Tristin & Tyler Talk Trash with TerraCycle


It’s hard to believe that New York City, with residents that produce over 12,000 pounds of waste per day, does not have trash incinerators or landfills. But it’s true. The city that never sleeps, has to ship its waste to other states for disposal.  New Yorkers are only
recycling 17% of their trash and as a result, everything else is either sitting in the street, getting shipped off for incineration or headed for the eternal plunk into a landfill. In a city like this, how do I teach my family to keep up the good green fight? I show them innovators.

On their web series, my twin sons  Tristin and Tyler, love interviewing people who are  thinking outside the (recycled) cardboard box in trying to solve the trash problem.  In our search for innovators in the green fight, we found TerraCycle, a company that partners with consumers and major goods manufactuers to reduce the amount of waste on our planet. How does TerraCycle do it? From recycled denim laptop bags to pencil cases made from drink pouches, TerraCycle collects trash from all over the United States and 22 countries overseas and later “upcycles” the trash into new items.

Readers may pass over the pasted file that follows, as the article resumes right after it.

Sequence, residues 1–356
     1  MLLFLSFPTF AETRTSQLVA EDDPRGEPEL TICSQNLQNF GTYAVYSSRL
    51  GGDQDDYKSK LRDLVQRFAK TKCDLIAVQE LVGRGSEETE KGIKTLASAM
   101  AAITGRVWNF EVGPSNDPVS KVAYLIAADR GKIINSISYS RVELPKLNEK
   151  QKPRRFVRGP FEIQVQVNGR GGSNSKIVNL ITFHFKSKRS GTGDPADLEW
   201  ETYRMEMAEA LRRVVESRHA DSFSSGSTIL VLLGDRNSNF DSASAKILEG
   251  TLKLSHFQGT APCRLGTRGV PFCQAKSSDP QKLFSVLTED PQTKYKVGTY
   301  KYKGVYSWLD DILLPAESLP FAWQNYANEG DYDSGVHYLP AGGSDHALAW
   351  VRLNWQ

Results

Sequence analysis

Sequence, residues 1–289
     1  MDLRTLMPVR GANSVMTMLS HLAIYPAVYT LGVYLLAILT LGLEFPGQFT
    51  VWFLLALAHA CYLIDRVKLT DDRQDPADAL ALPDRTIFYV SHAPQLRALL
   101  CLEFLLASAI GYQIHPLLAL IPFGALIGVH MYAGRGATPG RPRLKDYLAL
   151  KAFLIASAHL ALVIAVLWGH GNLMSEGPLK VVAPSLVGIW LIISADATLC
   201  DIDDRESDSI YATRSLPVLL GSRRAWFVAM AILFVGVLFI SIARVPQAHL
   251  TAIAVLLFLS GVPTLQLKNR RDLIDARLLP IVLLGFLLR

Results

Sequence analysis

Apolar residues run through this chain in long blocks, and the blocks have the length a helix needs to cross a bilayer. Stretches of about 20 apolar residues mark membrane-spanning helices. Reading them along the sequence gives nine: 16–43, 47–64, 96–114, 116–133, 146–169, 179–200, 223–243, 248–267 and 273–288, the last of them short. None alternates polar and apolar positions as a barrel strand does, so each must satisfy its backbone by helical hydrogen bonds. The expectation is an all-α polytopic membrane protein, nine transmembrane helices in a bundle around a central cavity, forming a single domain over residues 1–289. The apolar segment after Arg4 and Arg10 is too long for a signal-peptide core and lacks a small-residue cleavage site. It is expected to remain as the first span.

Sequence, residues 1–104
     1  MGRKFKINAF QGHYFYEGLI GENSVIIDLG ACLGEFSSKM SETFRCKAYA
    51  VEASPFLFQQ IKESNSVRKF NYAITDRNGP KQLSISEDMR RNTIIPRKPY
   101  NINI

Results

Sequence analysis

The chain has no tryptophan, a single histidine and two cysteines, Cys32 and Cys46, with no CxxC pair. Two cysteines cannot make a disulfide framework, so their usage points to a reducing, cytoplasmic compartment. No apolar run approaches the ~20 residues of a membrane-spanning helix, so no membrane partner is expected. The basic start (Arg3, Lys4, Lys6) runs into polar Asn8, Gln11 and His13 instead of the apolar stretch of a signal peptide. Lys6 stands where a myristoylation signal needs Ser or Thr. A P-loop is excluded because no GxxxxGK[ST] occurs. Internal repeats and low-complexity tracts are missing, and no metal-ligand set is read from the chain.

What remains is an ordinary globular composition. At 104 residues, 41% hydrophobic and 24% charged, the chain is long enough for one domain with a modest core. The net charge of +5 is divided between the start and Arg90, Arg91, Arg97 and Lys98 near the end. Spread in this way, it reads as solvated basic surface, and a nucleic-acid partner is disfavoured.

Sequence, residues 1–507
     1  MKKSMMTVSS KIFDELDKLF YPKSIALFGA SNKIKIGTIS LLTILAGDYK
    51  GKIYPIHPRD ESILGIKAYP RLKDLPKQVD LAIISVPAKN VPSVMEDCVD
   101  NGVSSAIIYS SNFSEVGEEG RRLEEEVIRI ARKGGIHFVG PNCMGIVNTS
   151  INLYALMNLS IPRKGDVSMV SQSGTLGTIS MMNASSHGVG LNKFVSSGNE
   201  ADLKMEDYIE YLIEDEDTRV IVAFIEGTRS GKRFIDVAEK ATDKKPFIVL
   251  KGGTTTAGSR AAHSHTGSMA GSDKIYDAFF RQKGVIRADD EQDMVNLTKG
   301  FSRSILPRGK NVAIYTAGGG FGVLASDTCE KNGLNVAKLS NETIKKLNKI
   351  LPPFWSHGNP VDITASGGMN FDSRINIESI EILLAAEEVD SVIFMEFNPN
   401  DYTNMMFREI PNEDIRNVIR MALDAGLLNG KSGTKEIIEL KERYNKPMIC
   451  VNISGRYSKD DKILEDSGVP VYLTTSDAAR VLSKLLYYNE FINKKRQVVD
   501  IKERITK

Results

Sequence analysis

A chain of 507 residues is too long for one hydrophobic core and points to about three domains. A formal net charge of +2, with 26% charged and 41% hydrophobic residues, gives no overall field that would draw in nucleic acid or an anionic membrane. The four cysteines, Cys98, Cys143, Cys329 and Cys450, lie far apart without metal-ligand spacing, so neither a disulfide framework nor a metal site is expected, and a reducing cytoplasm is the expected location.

Since 2008, TerraCycle has averted over 70,000 tons of trash from landfills. According to Albe Zakes, TerraCycle’s VP of Media, not only does Terracyle
work with companies to create sustainable product packaging and new products, they encourage consumers to collect trash and send it to them. According to Albe, children are among the top collectors of trash via their schools, girl and boy scouts troops.

Think what this company is doing can’t get any better? Well there’s more. TerraCycle pays for the trash that they receive from regular people like you and I.  In 2013, the company expects to receive 1.5 billion pieces of waste.

So as we parents, consumers and waste producers think about our impact on the planet, what kinds of steps can we take to slowly but surely teach youth that taking care of the planet is not just necessary, it can be creative and fun?
Here are a few ways we can teach little one’s to do their part, no matter how small.

-set up your school, church or your family for collecting by visiting